The men tossing boccie balls on this day are young and hip and trying to beat their fathers at their own game.
Holding court: Filippo Lumaro (left to right), Guiliano Moscianese and Dominic Petrucci watch as Vincenzo Castellano throws a boccie ball during Sunday's annual all-day tournament of the St. Anthony Festival in Little Italy. (Sun photo by Algerina Perna / June 11, 2001)
This kind of thing doesn't happen much in boccie. It's thought to be an Old World, Old Guy's game. Guys who look like Italian fashion models aren't supposed to win. Paisanos in Bermuda shorts, guyabera shirts and tube socks are supposed to win.
Some Italian-Americans take the game very seriously and play it regularly on the two courts in Little Italy and on the one under the big shade trees in Burdick Park in northeast Baltimore. Some build 80-foot-long boccie courts in their back yards and practice there. Italian immigrants teach the game to their sons and daughters - basically, you win by rolling your boccie balls closer to a target ball, or "pallino," than your opponent does - but most of their sons and daughters look elsewhere for a sporting challenge. They only come back to the game years later, after they've sprouted varicose veins.
So, from a cultural standpoint, it was noteworthy yesterday that Filippo Lumaro and Vincenzo Castellano teamed with Randy D'Amico and Vincenzo's brother, Antonio Castellano, to compete in the St. Anthony's tournament, their first.
They registered as Team Casa D'Italia Giovani.
Giovani is Italian for "the young ones." This adjective served to distinguish Lumaro, the Castellanos and D'Amico from the two other four-man teams from the Casa D'Italia Boccie Club -Team Uno and Team Due - that competed with 13 other teams for $1,400 in prize money in yesterday's double-elimination tournament.
"All our families are very close, and the old guys play boccie all the time," Lumaro said. "Now us young guys are picking it up and really getting into it. It's an awesome thing to keep that tradition alive."
The other Casa D'Italia teams were composed of elderly and middle-aged men, including the Castellanos' father, Nichola, and Lumaro's father, Gianni. The older guys wore red team shirts. The younger dudes went for designer white T's, smartly cut black slacks and black shoes, a little gold at the neck, and, at the hip, cell phones.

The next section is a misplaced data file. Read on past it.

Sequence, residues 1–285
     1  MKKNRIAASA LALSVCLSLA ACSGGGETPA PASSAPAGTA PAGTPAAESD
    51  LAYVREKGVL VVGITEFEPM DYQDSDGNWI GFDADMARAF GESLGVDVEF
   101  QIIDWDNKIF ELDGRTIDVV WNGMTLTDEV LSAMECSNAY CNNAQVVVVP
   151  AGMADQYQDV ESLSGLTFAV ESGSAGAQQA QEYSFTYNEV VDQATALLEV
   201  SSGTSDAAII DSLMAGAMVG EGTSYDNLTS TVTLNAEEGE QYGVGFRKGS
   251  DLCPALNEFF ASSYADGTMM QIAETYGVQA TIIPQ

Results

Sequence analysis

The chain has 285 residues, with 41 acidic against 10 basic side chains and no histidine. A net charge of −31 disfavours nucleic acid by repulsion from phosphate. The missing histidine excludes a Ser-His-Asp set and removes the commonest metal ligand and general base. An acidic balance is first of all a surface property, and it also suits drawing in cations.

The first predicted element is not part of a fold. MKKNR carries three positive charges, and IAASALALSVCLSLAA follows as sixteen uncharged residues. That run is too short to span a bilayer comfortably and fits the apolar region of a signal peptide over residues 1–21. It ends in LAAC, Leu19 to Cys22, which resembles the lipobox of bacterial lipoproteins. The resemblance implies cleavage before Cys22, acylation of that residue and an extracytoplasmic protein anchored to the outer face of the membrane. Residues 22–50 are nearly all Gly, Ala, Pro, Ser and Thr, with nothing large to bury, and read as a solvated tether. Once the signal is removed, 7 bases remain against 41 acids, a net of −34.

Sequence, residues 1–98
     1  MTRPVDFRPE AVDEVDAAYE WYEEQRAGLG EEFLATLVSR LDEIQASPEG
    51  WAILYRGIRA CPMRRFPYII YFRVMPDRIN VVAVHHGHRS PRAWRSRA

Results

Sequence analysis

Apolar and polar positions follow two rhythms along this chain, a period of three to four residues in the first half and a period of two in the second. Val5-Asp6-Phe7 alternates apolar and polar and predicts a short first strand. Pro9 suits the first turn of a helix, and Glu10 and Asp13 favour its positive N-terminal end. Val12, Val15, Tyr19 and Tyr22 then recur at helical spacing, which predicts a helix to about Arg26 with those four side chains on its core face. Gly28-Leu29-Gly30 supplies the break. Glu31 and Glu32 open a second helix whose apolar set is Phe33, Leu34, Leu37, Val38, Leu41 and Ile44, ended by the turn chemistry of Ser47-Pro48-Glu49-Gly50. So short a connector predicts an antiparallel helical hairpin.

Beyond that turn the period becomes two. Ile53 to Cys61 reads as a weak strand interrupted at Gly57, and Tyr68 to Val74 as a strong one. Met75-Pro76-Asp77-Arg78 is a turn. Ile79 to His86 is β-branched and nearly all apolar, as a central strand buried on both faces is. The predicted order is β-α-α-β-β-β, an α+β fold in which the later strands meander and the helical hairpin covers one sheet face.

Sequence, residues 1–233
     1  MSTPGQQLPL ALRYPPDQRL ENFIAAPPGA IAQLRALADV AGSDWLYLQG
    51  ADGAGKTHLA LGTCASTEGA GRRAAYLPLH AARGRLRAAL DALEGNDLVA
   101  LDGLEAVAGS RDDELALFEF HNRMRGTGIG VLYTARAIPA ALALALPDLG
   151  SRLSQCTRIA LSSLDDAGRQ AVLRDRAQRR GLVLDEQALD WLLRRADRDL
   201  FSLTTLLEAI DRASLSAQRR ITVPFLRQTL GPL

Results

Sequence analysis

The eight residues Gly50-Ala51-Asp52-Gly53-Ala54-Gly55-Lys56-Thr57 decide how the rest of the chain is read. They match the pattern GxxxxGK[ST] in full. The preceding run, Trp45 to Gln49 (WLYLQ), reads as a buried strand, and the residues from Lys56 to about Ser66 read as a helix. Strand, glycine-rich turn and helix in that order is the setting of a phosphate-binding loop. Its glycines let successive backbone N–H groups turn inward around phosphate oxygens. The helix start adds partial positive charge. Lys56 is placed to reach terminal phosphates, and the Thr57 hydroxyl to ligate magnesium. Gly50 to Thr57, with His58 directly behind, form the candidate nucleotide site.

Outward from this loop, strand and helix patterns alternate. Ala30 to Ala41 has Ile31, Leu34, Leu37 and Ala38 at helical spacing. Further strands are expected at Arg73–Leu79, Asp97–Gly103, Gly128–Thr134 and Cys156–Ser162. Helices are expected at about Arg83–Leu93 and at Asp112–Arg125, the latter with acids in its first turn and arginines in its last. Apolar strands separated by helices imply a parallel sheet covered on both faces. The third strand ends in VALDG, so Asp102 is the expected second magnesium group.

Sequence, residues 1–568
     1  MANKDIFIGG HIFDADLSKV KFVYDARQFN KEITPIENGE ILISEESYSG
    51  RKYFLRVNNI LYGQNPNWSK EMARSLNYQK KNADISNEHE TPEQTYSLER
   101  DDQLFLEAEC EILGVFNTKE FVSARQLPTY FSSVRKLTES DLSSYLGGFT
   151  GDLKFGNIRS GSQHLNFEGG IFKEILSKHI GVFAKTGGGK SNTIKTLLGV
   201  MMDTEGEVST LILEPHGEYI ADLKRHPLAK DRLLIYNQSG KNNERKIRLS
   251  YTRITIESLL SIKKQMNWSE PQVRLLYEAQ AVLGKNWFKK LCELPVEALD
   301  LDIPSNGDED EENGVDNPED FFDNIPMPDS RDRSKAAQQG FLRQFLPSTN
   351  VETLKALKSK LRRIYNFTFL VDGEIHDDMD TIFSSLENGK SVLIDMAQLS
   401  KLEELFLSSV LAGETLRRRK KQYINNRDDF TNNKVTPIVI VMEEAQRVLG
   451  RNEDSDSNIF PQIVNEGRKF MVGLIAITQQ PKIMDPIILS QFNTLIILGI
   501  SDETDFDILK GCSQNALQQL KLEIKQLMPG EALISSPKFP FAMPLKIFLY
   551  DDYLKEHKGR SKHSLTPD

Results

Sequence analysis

"They look like they could be on 'The Sopranos,' " a woman watching from the east end of the boccie courts observed.
Casa D'Italia One eliminated Casa D'Italia Two - club buddies defeating club buddies in a close match - and then went on to face Casa D'Italia Giovani.
This meant Filippo Lumaro had to face his father - and partner in the concrete business - Gianni Lumaro. In one of the long day's delicious upsets, the young guys defeated their boccie mentors to stay alive in tournament play late in the afternoon. The students beat the masters.
"This is great for the sport, having these young guys compete," said Gia Blatterman, who made some local history herself five years ago when her Team Gia became the first all-female squad to advance past the first round in the St. Anthony's Festival tournament.
Yesterday, Team Gia stayed in the hunt for the $800 first-place prize long into the day, but this year half of the squad was male, with Giacomo Corona and Brian Votta Schwabline joining Blatterman and the grand dame of Little Italy boccie, Rosie Apicella.
Following a time-honored tournament tradition, Apicella wore her knee-highs to a height of no more than 3 inches above her waitress shoes, with a neat roll of nylon just above the ankle. And, as usual, she spent the afternoon between games at the boccie courts on Stiles Street and a festival food booth a block away. Apicella is a legendary salad tosser as well as boccie roller.
"The boccie balls smell like garlic after Rose rolls 'em," Blatterman said.
There were many aromas carried by the breezes that kept competitors relatively cool on the sunny boccie courts - from the kitchen at DaMimmo Restaurant a few feet away, and from the pit beef, porchetta, fried dough and fried calamari stands at the festival.
The aromas apparently became so seductive that one of the boccie teams, from South Philadelphia, missed its call and had to forfeit a game. Asked why the team didn't post, boccie veteran Tony Sansone said, "They went to get something to eat."
Sansone was among those who noted the increased interest in boccie at the St. Anthony Festival. Teams from Pennsylvania, New Jersey and Delaware come to Baltimore for the tournament. They wear team jerseys and practice together regularly. And some players compete for different teams from year to year. This has led to a healthy spreading of the talent.
"We have parity," Sansone announced, sounding like Brian Billick speaking of the National Football League. "There are no patsy teams anymore. If you were to ask me to pick a winner today, I could have picked from seven or eight teams."
"And we wouldn't have been one of them," said Wendell Harsanyi, who brought his foursome, called "Doc Guidotti," to Baltimore from Anne Arundel County. They are former rugby teammates of the late Tom Guidotti, known as "Doc Doom" to his pals. He died a few years ago in a car crash. His pals named their boccie team after him. They pay the $40 entry fee every year and compete in the St. Anthony tournament for the fun of it.
"We don't come here expecting to win," Harsanyi said. "But it's great fun, and a great scene."
As for Filippo Lumaro, Vincenzo Castellano and Team Casa D'Italia Giovani - they lasted until the semifinal round, losing to The Family, a team of boccie veterans. No dishonor in that.
"I'm happy we got as far as we did," Lumaro said. "It was our first tournament."
How did his father feel about losing to his son's team?
"He was happy," Lumaro said.
Happy that another generation plays the Old World game.